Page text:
Now onto your freezer: yes it's thermal shock to put 20 birds in there at once. (I'm assuming you have a chest or stand alone freezer, and not trying to cram it into the one in your kitchen?) What I would suggest is to freeze some ice in milk jugs, and layer those in as heat sinks around your birds when you put them in for freezing, once your birds are frozen, you can remove the ice jugs to get your freezer space back.

    Brining is actually a topic dear to my heart (I was a cook long before I was a crazy chicken lady). All brining is is soaking a bird in a salt solution (1 c Kosher salt to 1 gal water), that helps regulate the mosture content of the meat via osmosis... in english it adds mosture to the meat so that methods like roasting, grilling and other "dry heat" cooking methods don't leave you with a tough bird (think thanksgiving turkey as a referance point). Do you HAVE to brine? no, but if you're gonna roast, grill or otherwise use a dry heat method, you'll want to consider it. You do not have to brine every bird, so long as you write on the package "wet cooking" here that means birds that are going to be marinated (lemon pepper chicken), boiled (them removed from the bones for enchladas or tacos, etc) or crock pot cooked.

    Chopped corn is to fatten them up, and yes you'll want to give them sand/grit with that.

    I think most people with meaties raise them for 8 weeks, take 4 off, and raise the next set. The first batch is the hardest.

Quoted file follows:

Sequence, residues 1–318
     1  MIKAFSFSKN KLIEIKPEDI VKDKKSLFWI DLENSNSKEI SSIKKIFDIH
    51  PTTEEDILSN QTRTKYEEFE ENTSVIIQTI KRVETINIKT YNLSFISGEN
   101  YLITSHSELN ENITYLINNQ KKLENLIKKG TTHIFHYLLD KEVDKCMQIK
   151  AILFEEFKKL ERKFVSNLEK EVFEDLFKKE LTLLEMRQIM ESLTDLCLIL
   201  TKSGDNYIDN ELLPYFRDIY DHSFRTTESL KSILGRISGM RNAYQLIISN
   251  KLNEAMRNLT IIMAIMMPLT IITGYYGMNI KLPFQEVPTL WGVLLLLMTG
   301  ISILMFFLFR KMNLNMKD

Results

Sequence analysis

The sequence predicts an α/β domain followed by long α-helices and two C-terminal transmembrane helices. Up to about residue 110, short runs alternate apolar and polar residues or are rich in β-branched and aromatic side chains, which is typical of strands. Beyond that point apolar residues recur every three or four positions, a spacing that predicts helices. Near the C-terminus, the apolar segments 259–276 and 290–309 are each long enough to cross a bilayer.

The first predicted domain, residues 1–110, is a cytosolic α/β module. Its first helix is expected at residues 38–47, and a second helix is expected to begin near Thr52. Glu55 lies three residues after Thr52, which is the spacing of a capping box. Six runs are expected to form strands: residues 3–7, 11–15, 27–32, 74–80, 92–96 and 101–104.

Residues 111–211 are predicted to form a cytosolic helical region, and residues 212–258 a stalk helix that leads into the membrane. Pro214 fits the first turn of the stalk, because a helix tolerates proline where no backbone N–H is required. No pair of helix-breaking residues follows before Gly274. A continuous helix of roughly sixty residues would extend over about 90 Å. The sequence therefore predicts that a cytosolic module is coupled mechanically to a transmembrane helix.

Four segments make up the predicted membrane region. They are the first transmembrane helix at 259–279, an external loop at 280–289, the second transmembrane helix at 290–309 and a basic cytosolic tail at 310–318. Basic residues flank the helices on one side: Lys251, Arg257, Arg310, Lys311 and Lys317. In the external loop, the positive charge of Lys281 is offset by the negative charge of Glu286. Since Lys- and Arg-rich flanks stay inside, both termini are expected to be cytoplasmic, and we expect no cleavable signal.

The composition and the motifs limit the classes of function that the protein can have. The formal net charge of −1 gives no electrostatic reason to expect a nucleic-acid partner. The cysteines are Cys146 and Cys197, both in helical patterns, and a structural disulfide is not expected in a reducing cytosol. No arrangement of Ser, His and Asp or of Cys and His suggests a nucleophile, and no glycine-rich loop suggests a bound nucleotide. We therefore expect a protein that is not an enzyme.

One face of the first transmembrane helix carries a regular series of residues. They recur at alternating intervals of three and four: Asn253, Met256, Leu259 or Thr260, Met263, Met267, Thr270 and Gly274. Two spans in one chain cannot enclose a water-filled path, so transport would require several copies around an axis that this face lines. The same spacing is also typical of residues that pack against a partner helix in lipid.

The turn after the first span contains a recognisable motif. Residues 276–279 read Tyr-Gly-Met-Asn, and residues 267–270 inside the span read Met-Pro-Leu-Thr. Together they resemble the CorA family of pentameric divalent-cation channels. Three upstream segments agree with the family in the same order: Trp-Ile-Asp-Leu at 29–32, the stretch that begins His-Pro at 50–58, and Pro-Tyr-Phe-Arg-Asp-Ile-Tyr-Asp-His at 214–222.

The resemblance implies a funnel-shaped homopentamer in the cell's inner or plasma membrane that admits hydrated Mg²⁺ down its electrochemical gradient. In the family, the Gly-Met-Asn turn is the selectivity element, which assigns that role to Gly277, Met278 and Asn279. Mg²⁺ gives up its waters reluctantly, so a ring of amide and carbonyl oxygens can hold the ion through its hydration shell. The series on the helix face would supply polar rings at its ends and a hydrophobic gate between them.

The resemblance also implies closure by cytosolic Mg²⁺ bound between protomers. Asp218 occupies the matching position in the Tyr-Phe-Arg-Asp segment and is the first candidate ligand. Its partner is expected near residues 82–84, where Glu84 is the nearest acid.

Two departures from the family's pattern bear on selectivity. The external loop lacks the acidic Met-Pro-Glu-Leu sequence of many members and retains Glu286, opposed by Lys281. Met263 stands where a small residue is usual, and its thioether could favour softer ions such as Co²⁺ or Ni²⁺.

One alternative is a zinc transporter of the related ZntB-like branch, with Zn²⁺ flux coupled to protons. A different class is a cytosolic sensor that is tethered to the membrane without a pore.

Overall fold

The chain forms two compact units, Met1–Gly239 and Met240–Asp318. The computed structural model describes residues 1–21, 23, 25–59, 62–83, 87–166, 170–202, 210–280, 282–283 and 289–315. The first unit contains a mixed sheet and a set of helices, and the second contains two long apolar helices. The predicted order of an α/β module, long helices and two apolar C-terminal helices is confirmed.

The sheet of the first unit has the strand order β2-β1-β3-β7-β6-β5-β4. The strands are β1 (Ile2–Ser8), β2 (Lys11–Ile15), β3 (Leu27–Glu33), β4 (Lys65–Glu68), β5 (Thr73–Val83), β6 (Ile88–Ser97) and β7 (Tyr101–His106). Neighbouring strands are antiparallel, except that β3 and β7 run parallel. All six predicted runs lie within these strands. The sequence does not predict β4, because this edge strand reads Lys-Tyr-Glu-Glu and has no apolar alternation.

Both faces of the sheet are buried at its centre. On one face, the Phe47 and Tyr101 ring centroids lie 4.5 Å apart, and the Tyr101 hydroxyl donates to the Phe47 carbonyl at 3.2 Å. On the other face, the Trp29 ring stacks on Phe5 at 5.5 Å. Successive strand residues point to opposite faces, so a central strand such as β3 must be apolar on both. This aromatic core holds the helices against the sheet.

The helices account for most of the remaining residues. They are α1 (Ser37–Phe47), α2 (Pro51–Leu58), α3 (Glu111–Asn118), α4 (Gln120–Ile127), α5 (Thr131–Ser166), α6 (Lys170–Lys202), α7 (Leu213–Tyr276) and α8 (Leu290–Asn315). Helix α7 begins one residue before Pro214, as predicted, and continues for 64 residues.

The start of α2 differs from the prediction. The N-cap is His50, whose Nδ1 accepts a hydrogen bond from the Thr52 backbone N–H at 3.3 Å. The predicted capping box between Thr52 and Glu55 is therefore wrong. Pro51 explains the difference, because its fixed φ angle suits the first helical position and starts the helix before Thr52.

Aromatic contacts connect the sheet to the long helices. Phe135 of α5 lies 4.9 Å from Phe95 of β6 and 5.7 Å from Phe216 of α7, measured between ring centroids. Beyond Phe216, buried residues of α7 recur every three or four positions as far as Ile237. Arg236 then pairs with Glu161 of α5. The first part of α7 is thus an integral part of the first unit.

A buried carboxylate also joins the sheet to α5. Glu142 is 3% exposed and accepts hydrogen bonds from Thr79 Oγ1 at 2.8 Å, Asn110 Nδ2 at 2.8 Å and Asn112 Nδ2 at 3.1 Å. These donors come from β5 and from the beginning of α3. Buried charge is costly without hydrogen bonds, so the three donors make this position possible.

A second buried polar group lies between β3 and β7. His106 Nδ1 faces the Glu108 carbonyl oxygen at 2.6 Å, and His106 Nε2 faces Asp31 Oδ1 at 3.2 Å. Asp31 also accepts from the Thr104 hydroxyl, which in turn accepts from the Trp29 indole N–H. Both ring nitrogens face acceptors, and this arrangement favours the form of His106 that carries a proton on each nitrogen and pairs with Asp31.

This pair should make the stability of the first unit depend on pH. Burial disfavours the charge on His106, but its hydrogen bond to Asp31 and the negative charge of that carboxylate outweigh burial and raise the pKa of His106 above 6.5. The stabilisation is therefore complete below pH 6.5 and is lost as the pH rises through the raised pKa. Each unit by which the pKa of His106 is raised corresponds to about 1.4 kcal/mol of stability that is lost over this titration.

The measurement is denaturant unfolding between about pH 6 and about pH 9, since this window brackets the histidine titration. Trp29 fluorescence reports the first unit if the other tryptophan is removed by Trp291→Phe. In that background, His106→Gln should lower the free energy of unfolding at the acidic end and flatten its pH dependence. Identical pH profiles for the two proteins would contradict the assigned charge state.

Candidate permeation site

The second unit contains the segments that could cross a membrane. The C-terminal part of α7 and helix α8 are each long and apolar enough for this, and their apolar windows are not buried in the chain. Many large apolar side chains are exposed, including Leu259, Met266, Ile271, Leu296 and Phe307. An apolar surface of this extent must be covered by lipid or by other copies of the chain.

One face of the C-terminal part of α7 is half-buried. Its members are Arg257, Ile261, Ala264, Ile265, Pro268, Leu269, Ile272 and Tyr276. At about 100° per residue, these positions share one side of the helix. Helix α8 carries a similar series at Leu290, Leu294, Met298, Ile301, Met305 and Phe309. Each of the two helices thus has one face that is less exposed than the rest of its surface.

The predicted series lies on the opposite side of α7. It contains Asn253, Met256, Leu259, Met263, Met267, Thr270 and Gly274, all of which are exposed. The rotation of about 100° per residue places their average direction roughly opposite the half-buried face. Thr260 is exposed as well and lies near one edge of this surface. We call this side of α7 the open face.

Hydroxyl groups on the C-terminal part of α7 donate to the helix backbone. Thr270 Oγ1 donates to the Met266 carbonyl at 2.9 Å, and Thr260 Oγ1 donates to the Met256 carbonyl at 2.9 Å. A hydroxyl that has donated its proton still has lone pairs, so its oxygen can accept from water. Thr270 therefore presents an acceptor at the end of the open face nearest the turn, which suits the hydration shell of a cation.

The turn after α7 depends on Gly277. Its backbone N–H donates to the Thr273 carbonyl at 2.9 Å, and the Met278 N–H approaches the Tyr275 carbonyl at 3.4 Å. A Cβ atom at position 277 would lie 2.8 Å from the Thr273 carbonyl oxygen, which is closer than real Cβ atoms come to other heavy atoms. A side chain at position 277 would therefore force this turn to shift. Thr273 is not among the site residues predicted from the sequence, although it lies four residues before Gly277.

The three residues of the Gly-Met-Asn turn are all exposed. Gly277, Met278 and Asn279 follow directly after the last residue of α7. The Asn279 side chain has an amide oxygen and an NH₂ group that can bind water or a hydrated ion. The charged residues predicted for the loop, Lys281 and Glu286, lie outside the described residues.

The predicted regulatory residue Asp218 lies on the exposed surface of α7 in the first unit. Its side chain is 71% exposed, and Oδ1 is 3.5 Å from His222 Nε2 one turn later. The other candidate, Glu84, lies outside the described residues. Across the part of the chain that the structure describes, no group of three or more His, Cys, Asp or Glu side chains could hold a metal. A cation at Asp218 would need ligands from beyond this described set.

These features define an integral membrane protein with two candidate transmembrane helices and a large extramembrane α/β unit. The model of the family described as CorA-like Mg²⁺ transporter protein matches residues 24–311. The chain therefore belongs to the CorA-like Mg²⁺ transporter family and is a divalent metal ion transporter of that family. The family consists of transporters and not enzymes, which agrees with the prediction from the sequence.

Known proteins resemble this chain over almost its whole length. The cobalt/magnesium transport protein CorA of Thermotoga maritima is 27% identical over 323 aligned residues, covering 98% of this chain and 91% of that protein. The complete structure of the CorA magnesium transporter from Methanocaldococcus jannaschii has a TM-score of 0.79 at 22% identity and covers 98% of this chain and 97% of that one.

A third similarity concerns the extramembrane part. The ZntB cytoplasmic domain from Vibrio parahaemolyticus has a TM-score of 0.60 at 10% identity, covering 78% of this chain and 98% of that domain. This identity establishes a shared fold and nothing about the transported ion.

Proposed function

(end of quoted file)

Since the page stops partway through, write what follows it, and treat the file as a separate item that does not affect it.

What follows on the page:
3. Chick_a_dee

    Chick_a_dee Chillin' With My Peeps

    May 23, 2008
    Peterborough, ON
    Quote:i had no idea about the corn, do you feed that exclusively the last week? what is finisher for then? ... my birds food bag says to feed starter/grower until 30 days and change foods but to what it does not say, i'm assuming just grower or finisher or something of that sort. is chopped corn the same as cracked corn?
     
  4. saddina

    saddina Internally Deranged

    May 2, 2009
    Desert, CA
    Some people do the corn the last weeks, I'm in the city, so the daily feeding of meaties is done at my grandparents, I do the bulk of the cooking and a fair chunk of the butchering (since the city limits me to 5, mine are all egg hens). (page 73 of SGTRC has the corn fed breakdown).

    After chick feed, then broiler finisher feed, untill butchering is fine. Grabbed my copy of Storey's guide, and it suggests a 16-20% protien feed untill butchering (page 49).
     
  5. Chick_a_dee

    Chick_a_dee Chillin' With My Peeps

    May 23, 2008
    Peterborough, ON
    Quote:Ohh so you don't have to feed the corn then, its preference? Sounds gooooodd. i really need to get a copy of Storey's guide but the only place to get it round here is the TSC and i haven't been in so long cause they're such a useless store here.
     
  6. saddina

    saddina Internally Deranged

    May 2, 2009
    Desert, CA
    I got mine from half.com, you can also try amazon, I got chickens, ducks and turkeys as a pack 3 for the price of 2.
     
  7. CARS

    CARS Chillin' With My Peeps

    The first year of Cornish X's, I didn't rest the bird. I just had the processor freeze and I picked it up the next day.

    The last few years I have told them to refrigerate them until I get there. They look at me all stupid but I can't believe the difference in tenderness.

    This year, I just put down a bird at 6 weeks because it had leg problems. I soaked that chick in brine for a day and either the brine is the key or I need to butcher smaller birds!!!! AWESOME flavor and moisture!!!!!!
     
  8. saddina

    saddina Internally Deranged

    May 2, 2009
    Desert, CA